1. Amigues, Jean-Pierre & Chakravorty, Ujjayant & Lafforgue, Gilles & Moreaux, Michel, 2012. "Renewable Portfolio Standards and implicit tax-subsidy schemes: Structural differences induced by quantity and proportional mandates," LERNA Working Papers 12.02.359, LERNA, University of Toulouse.
    2. Xin-gang, Zhao & Tian-tian, Feng & Lu, Cui & Xia, Feng, 2014. "The barriers and institutional arrangements of the implementation of renewable portfolio standard: A perspective of China," Renewable and Sustainable Energy Reviews, Elsevier, vol. 30(C), pages 371-380.
    3. Shahriar Shah Heydari & Niels Vestergaard, 2015. "Alternate solutions in mixing energy tax/subsidy and emission control policies," Working Papers 119/15, University of Southern Denmark, Department of Sociology, Environmental and Business Economics.
    4. Hitaj, Claudia, 2015. "Location matters: The impact of renewable power on transmission congestion and emissions," Energy Policy, Elsevier, vol. 86(C), pages 1-16.
    5. Tang, Amy & Chiara, Nicola & Taylor, John E., 2012. "Financing renewable energy infrastructure: Formulation, pricing and impact of a carbon revenue bond," Energy Policy, Elsevier, vol. 45(C), pages 691-703.
    6. repec:eee:appene:v:197:y:2017:i:c:p:29-39 is not listed on IDEAS
    7. Bryan K. Mignone & Thomas Alfstad & Aaron Bergman & Kenneth Dubin & Richard Duke & Paul Friley & Andrew Martinez & Matthew Mowers & Karen Palmer & Anthony Paul & Sharon Showalter & Daniel Steinberg & , 2012. "Cost-effectiveness and Economic Incidence of a Clean Energy Standard," Economics of Energy & Environmental Policy, International Association for Energy Economics, vol. 0(Number 3).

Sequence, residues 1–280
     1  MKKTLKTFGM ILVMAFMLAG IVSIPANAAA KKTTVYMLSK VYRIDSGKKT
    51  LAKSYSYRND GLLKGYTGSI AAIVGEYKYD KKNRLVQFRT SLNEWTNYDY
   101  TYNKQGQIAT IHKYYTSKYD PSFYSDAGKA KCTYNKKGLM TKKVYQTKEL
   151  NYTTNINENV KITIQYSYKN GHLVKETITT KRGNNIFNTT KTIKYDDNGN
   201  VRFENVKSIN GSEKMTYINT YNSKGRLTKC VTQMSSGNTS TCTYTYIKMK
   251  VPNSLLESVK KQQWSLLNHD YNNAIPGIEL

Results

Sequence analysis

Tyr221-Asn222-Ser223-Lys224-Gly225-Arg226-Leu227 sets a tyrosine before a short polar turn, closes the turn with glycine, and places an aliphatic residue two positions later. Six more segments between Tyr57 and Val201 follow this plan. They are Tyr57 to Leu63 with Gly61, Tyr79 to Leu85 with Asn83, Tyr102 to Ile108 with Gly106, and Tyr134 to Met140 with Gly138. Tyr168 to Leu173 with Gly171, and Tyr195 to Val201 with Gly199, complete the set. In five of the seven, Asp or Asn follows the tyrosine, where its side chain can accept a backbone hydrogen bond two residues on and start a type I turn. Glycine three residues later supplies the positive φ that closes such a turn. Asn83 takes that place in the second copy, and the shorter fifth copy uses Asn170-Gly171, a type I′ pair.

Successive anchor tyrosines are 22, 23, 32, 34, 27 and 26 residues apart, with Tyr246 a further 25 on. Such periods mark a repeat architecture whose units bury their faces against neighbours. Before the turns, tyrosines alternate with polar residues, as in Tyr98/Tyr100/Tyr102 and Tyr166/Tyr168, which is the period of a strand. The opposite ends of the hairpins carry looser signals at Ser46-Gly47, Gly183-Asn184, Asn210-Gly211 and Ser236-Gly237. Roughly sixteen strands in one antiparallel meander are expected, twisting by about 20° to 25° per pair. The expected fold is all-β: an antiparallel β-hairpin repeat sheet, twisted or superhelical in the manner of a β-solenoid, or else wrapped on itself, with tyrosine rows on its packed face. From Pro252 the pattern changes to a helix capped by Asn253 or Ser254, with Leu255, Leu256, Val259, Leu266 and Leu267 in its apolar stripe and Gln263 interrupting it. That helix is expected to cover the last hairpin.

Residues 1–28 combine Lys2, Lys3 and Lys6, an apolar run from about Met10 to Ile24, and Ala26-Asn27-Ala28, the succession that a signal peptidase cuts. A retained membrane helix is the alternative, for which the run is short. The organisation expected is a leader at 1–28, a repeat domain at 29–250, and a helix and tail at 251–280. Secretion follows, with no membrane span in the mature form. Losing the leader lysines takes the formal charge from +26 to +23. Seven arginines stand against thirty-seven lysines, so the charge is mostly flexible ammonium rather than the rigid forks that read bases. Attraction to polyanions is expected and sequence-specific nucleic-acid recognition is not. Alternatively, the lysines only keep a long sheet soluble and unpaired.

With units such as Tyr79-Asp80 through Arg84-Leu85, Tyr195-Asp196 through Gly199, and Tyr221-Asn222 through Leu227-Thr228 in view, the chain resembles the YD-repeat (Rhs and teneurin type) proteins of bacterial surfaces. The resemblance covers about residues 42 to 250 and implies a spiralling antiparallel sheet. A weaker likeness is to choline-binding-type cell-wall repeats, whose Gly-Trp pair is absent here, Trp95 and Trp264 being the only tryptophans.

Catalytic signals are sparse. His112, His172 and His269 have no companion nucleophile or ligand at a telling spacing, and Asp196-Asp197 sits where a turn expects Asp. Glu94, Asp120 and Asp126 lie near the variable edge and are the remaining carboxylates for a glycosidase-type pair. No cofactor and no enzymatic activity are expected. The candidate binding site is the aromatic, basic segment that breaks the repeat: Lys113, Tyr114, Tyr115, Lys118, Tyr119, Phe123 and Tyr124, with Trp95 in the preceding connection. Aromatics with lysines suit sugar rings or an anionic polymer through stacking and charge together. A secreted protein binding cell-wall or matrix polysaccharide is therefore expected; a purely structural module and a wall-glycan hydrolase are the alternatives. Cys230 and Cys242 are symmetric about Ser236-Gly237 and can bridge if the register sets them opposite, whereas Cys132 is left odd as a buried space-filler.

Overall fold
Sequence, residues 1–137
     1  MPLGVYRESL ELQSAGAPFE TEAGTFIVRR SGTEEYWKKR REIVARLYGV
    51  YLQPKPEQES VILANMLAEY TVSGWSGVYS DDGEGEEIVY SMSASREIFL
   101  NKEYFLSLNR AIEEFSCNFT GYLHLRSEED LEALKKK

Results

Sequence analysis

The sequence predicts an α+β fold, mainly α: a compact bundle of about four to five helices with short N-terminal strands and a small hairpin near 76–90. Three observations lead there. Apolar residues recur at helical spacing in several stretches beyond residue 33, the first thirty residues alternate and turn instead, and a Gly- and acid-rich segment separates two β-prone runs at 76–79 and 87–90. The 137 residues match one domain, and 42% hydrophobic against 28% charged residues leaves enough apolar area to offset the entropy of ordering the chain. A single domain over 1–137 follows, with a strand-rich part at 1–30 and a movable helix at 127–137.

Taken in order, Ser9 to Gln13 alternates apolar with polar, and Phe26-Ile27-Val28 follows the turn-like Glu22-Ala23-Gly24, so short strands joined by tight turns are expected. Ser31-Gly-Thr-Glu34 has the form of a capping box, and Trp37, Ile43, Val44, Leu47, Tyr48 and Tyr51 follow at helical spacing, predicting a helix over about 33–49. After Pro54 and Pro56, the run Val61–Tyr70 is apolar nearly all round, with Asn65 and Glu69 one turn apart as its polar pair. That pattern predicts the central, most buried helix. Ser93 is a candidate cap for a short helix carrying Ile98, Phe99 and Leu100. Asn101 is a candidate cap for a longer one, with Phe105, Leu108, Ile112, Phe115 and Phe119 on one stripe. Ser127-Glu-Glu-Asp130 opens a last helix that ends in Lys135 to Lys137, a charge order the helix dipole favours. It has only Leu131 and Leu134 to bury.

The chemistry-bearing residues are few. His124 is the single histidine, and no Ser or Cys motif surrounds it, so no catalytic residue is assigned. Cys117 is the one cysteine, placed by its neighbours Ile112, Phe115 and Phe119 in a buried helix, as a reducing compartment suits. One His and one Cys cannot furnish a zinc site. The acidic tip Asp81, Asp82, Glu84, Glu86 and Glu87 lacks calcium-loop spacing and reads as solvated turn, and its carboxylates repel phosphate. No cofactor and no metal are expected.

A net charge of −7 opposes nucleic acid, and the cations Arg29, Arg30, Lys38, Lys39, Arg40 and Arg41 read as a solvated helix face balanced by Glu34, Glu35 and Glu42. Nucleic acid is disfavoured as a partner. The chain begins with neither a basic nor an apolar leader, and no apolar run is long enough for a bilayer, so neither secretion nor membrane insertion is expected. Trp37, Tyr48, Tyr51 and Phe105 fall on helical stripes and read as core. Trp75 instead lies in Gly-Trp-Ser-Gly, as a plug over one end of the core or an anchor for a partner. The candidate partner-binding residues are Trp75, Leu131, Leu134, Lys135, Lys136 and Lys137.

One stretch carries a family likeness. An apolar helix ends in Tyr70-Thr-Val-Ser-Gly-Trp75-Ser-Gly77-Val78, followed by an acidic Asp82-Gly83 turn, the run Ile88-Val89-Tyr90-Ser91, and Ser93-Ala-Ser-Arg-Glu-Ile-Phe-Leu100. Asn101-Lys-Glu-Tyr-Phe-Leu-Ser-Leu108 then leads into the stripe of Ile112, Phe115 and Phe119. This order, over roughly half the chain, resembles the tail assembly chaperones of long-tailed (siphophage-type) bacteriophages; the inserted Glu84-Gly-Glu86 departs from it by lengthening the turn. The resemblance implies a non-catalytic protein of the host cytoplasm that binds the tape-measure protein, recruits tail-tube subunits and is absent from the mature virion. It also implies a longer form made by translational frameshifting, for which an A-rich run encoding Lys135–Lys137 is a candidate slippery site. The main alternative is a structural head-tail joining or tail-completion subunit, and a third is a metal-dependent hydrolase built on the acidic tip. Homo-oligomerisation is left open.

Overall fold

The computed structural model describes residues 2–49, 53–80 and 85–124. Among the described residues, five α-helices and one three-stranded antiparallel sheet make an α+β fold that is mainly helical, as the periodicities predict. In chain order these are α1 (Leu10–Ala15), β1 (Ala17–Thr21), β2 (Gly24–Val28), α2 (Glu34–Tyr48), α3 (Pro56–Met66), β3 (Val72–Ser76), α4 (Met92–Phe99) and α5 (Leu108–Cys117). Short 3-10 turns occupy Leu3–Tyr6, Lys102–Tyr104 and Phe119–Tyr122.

8. Jenner, Steffen & Groba, Felix & Indvik, Joe, 2013. "Assessing the strength and effectiveness of renewable electricity feed-in tariffs in European Union countries," Energy Policy, Elsevier, vol. 52(C), pages 385-401.
    9. Paul, Anthony & Palmer, Karen & Woerman, Matt, 2013. "Modeling a clean energy standard for electricity: Policy design implications for emissions, supply, prices, and regions," Energy Economics, Elsevier, vol. 36(C), pages 108-124.
    10. Novacheck, Joshua & Johnson, Jeremiah X., 2017. "Diversifying wind power in real power systems," Renewable Energy, Elsevier, vol. 106(C), pages 177-185.
    11. Brown, Marilyn A. & Gumerman, Etan & Sun, Xiaojing & Sercy, Kenneth & Kim, Gyungwon, 2012. "Myths and facts about electricity in the U.S. South," Energy Policy, Elsevier, vol. 40(C), pages 231-241.
    12. Gottschamer, L. & Zhang, Q., 2016. "Interactions of factors impacting implementation and sustainability of renewable energy sourced electricity," Renewable and Sustainable Energy Reviews, Elsevier, vol. 65(C), pages 164-174.
    13. Latta, Gregory S. & Baker, Justin S. & Beach, Robert H. & Rose, Steven K. & McCarl, Bruce A., 2013. "A multi-sector intertemporal optimization approach to assess the GHG implications of U.S. forest and agricultural biomass electricity expansion," Journal of Forest Economics, Elsevier, pages 361-383.